News outlets are reporting that a home in Gulfport, Florida, was put up for auction for non-fungible token (NFT). The property was subsequently transferred for about 210 Ethereum, a type of cryptocurrency, which converted in cash to approximately $631,790.
Although the transfer was billed as the first property exchange using cryptocurrency, the truth is hundreds of properties have been transferred with cryptocurrency, although this is the first using NFT, where an actual “coin” or “token” of real estate was produced.
Like traditional cryptocurrencies such as Bitcoin, NFT is a unit of data stored on a blockchain. However, unlike most cryptocurrencies that are equally interchangeable, each NFT represents an underlying asset. According to a Forbes Advisor article “an NFT is a digital asset that represents real-world objects like art, music, in-game items and videos.” In fact, NFT gained popularity specifically in the world of art and music.
Real estate seems to fit the NFT exchange model in the same way, since the transfer is also of a “real-world object.”
According to news reports, this was the process:
- Bidders on the property had to have cryptocurrency worth at least 650,000 in a “crypto wallet”
- Ownership of the house was transferred to a limited liability company
- Ownership of the LLC was automatically transferred to the auction winner
- Payment was immediately transferred to the seller’s digital wallet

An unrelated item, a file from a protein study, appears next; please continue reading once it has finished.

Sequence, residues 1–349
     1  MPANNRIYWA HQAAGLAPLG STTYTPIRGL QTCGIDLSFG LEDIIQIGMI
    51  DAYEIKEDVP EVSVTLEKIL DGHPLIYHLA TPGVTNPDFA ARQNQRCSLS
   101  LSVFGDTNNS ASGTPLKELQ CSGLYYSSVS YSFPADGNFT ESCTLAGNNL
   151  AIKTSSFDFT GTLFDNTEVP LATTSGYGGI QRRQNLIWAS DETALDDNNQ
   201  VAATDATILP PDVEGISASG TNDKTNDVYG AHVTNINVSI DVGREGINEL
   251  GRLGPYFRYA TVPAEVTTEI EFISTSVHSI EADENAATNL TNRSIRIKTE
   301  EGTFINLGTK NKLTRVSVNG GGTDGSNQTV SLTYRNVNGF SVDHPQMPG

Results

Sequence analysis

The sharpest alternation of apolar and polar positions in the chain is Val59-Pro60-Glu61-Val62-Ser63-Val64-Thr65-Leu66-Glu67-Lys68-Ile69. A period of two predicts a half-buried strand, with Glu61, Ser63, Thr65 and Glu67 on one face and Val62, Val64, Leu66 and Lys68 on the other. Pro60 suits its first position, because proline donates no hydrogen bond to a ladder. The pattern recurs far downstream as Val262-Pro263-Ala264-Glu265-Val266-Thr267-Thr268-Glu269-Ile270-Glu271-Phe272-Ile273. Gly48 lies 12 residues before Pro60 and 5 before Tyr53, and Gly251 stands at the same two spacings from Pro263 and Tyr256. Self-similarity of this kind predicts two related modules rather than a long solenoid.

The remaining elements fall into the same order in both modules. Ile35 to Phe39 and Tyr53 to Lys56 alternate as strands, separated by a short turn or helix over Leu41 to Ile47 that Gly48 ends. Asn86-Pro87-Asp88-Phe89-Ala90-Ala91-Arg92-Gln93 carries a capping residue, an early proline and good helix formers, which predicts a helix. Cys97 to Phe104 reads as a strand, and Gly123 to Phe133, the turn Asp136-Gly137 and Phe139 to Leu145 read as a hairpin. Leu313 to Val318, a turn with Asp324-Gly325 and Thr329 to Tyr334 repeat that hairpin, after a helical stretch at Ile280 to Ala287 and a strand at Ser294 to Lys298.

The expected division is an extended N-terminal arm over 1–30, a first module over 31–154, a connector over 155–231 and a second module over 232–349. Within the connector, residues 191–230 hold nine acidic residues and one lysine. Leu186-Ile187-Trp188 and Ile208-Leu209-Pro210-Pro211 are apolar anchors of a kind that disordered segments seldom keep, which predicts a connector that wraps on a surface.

The process was managed by Propy, a Silicon Valley company, led by CEO Natalia Karayaneva. Propy was designed to automate the real estate sales process, allowing the transfer of property to take place entirely online. Our own Aaron Davis has worked with Propy in the past, even posting a blog about his experiences.
Though it all appeared instantaneous at the moment of the bid and the transfer, the usual activities took place prior to the auction process, including prospective buyers visiting the home and reviewing the relevant paperwork. And on the title side, Propy handled the required title work on the property prior to the auction.
Handling cryptocurrency funded real estate purchases is not for the faint of heart. There are many things to consider and processes to set up to manage the out-of-the ordinary steps in the transaction.
FAN/AMD CEO Aaron Davis took a deep dive on cryptocurrency closings in 2018 when the first transaction took place in the U.S., discussing title insurance underwriting requirements, creating a crypto escrow account, a Bitcoin to USD conversion account and obtained a certification for Anti-Money Laundering/Know Your Customer (AML/KYC) in order to manage more sophisticated foreign and crypto transactions.
We’d suggest that title agents do their research now to understand what they need to put into place to facilitate these transactions for their customers. This won’t be the last cryptocurrency transaction in real estate—far from it. This is especially true in Florida, where real estate transactions with foreign investors take place every day of the week; the transactions most likely to employ cryptocurrency.
Want to brush up on blockchain and cryptocurrency? Check out Aaron’s PowerPoint Presentation (flagency.net).